Payments for mobile phones can be made in three ways. The pay-as-you-go (PAYG) system involves the user continuously topping up their call minutes, SMS (short message service) and data allowance, without any long-term agreement with the provider. However, consumers need to pay the full price for the phone upfront.

The second option is by paying off the phone in instalments with a contract over a certain period of months – the most common being 24 months. In this Report, these agreements will be referred to as ‘contract with a phone’, ‘contract bought with phone’ or ‘traditional contracts’.

There could still be an upfront cost for the handset in this payment plan, but it will be significantly cheaper than the outright cost of buying it would be. The amount paid each month dictates the price of the phone upfront: the more the customer pays per month, the less they pay upfront. Once the customer has agreed the contract, however, they cannot get a new phone from the provider unless they buy out the rest of their deal. However, some providers do offer a way for consumers to easily end their contract and get a new phone (for example EE’s Upgrade Anytime Plan).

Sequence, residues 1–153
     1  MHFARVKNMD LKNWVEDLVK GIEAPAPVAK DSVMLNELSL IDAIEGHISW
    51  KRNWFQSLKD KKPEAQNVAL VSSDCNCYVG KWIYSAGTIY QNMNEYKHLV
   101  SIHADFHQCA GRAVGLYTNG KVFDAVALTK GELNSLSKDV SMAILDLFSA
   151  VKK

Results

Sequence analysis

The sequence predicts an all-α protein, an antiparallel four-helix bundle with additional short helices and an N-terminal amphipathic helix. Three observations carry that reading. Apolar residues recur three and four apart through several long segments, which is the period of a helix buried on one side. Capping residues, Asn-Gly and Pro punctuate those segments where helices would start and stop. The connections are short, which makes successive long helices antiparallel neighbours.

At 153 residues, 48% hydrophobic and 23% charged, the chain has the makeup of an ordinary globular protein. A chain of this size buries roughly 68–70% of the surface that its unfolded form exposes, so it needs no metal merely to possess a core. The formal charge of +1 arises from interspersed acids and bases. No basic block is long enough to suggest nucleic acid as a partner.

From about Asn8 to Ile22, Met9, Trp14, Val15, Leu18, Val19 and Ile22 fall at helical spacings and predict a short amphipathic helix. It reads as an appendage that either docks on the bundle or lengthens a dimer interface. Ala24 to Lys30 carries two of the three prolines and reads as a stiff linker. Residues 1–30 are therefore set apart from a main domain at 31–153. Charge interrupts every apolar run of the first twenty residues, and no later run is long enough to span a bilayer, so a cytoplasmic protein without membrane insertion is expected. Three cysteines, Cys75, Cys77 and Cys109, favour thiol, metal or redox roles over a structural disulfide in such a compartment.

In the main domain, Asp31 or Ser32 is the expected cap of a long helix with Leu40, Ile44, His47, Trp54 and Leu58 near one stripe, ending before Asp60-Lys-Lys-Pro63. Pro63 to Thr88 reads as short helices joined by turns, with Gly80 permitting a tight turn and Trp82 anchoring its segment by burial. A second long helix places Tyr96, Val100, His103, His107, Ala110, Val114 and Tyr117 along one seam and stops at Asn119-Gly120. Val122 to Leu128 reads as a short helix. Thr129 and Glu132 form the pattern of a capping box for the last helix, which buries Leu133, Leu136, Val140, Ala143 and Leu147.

The third option is a SIM-only plan, where the customer receives a SIM card from a network provider as part of a monthly call, text and data plan, but can use the SIM in any unlocked phone, not necessarily bought from that provider. This can be a rolling agreement, where again the user can easily cancel and change the plan or provider. When discussing the section of people who have either a SIM-only deal or contract with a phone (but not PAYG), this Report refers to them as ‘mobile contract subscribers’ or ‘people with mobile contracts’.

In this Report, mobile data allowance is what enables customers to access the internet out of home, so does not include a Wi-Fi connection.